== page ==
"Prestige" Album Review
Review Date: September 9,
2012 1:10 PM ET
Release date: September 11,
2012 [Sony Music]
Review by Compay for
For many urban music
artists, staying consistent can be a challenge. Artists must
balance a gradual evolution of their music with the ability to
continue offering quality albums to fans.
In the case of Prestige,
the sixth studio album by Daddy Yankee, Ramon Ayala proves
that once again he's discovered that balance.
Prestige is a 19-track effort that actually manages to
outshine Yankee's previous album, Mundial. From the beats to
the overall hit-quality, Prestige is inarguably Daddy Yankee's
best work since his 2007 project El Cartel: The Big Boss.
In order to please fans
both old and new, Prestige has an interesting balance
with respect to the choices in beats. Roughly half of the songs on the
album incorporate reggaeton's signature dembow beat, with the
remainder sticking to mostly electronic and pop sounds.
When it comes to traditional reggaeton production, Yankee
doesn't stray far from the beats that made him a household
name amongst Latinos.
Prestige makes a departure
from the beats on previous Yankee albums with the inclusion of
"Mambo Electronico" production. His third single "Pasarela"
serves as a prime example, with horns and heavy bass lines
in a fusion of upbeat Merengue and synthesized electronic
Songs such as "Switchea"
and "Lose Control" both ride the rising wave of dubstep
popularity to interesting effect, as very few Latin artists
have yet to embrace the London-born electronic sound. But
don't expect this album to remain in uncharted territory for
long. There are more than a few songs with the requisite pop
vibe, including the
extremely-catchy "Limbo" as well as his soca-infused second
Old school Yankee fans: have
no fear. Prestige still has something to offer you. "La Calle
Moderna" is straight up head-nodding rap over a booming bass
line, and "Po Encima" is unapologetically perreo to the bone.
Fans unaccustomed to
hearing Yankee rhyme in English should enjoy "Lose Control,"
which features relatively obscure pop singer Emelee.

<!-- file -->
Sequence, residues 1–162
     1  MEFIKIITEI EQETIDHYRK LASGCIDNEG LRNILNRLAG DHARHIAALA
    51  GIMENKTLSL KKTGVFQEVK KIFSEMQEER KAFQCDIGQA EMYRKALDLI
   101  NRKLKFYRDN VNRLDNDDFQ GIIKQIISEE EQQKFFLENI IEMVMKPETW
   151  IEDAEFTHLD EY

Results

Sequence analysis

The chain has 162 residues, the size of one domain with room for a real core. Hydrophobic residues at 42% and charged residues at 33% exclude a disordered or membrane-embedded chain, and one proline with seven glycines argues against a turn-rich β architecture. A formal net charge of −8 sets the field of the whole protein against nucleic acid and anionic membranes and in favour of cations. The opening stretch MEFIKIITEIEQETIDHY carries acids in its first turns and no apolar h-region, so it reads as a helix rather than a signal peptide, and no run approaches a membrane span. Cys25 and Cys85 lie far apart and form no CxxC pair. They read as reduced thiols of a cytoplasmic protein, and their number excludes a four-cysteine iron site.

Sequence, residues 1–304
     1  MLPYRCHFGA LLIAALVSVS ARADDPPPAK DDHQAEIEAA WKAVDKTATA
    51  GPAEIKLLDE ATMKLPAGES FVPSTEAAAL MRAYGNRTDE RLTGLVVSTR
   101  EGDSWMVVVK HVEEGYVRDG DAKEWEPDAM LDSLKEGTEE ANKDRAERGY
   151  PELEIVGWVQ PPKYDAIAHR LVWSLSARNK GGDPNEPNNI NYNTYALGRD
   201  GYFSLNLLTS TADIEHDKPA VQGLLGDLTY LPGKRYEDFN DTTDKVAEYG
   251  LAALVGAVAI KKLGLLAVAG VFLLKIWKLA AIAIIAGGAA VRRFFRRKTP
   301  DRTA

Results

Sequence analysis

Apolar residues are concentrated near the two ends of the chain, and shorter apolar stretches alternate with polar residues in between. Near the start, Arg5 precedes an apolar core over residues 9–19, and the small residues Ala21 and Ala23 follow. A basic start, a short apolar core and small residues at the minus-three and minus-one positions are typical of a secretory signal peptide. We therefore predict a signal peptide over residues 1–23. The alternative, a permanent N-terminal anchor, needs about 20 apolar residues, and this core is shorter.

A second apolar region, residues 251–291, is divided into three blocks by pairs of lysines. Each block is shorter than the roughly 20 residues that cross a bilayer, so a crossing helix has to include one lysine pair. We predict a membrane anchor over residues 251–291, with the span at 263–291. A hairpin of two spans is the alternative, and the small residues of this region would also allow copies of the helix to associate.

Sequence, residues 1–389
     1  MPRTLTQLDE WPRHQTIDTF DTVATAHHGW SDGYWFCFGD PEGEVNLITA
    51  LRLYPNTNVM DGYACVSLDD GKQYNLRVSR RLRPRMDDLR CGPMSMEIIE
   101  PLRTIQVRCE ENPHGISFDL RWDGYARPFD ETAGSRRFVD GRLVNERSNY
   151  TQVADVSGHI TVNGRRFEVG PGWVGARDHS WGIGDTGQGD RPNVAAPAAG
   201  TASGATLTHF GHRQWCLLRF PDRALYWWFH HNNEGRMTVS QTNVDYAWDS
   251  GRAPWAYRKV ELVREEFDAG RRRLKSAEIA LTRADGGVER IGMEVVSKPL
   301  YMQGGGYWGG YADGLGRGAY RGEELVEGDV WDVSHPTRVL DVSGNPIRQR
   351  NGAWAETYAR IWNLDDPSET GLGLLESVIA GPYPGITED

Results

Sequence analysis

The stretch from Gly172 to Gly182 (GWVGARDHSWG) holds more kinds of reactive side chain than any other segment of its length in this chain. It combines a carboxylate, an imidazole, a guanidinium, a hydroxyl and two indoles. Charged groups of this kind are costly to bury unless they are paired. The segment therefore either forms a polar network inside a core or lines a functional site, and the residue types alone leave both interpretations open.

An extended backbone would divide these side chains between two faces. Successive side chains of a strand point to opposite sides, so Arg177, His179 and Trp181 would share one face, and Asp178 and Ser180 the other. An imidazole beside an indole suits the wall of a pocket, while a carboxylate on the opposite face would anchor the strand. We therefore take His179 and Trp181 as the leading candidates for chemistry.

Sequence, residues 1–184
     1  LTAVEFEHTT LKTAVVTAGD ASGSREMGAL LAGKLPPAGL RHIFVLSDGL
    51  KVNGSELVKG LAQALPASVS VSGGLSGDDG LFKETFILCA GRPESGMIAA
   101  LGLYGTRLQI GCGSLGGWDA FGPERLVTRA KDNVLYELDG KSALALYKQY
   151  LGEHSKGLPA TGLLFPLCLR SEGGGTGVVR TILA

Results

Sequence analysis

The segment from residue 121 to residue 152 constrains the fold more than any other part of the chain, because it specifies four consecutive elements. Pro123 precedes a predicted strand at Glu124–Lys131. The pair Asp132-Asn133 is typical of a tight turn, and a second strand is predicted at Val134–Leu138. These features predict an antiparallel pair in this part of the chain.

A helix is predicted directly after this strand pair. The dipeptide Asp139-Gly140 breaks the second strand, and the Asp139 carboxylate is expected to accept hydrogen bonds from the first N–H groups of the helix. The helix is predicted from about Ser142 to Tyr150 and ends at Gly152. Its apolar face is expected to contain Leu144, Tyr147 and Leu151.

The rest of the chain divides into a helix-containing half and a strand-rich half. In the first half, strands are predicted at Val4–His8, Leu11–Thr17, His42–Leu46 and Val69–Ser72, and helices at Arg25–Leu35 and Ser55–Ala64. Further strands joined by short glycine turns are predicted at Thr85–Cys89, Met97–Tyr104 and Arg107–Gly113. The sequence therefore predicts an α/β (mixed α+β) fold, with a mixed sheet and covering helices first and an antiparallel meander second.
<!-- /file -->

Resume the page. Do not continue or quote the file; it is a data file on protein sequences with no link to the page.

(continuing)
Yankee strays out of his comfort zone to drop bars in English,
but still manages to ride the radio-friendly pop beat well.
There are a number of
guest features on Prestige, although the use of autotune for
hooks by Farruko and J Alvarez seemed unnecessary.
In "After Party" De La Ghetto and Yankee exchange rapid-fire
verses, while more laid-back features include reggaetonero
Randy Ortiz, Spanish pop singer Natalia Jimenez, and dimpled
Bachata crooner Prince Royce.
One of the standout songs
on Prestige is "Llegamos a la Disco," a seven-plus minute
posse cut featuring Alex Kyza, Arcangel, De la Ghetto, Farruko,
Kendo Kaponi, Ñengo Flow, and Baby Rasta & Gringo. Each
artist lends their own vibe to this dembow beat
dripping with synths, yet the track is highlighted by Alex Kyza
his trademark Spanglish flow.
One of the biggest
surprises of Prestige occurs when Yankee sports an
Eminem-style flow on
the dark and introspective "6 de Enero." Ramon reflects
on the dangers of street life, and how his present success is
nothing less than a blessing after his past misfortunes.
Interestingly enough, Yankee doesn't try to score points by
totally revealing the song's significance.
To fans in the know, Daddy
Yankee was shot on January 6 nearly a decade ago, while taking
a break from a recording session. It took a year of
hospitalization and wheelchair use before he recovered, and
began to focus his life on music. To this day, the bullet was never removed from
Yankee's hip, yet "6 de Enero" seems to satisfy as a
cathartic experience for the rapper hailing from Villa Kennedy
Overall, Prestige is a
solid effort. Enough pop and electronic music to generate radio
spins, but enough rap and reggaeton to cater to Yankee's older
fans. With the inclusion of beats that incorporate Merengue,
Soca, and dubstep, this also makes Prestige one of the more
sonically diverse albums of Yankee's career. It's a positive chapter in Yankee's evolution as a
music artist, and definitely worth checking out for Spanish
on a past review below to read more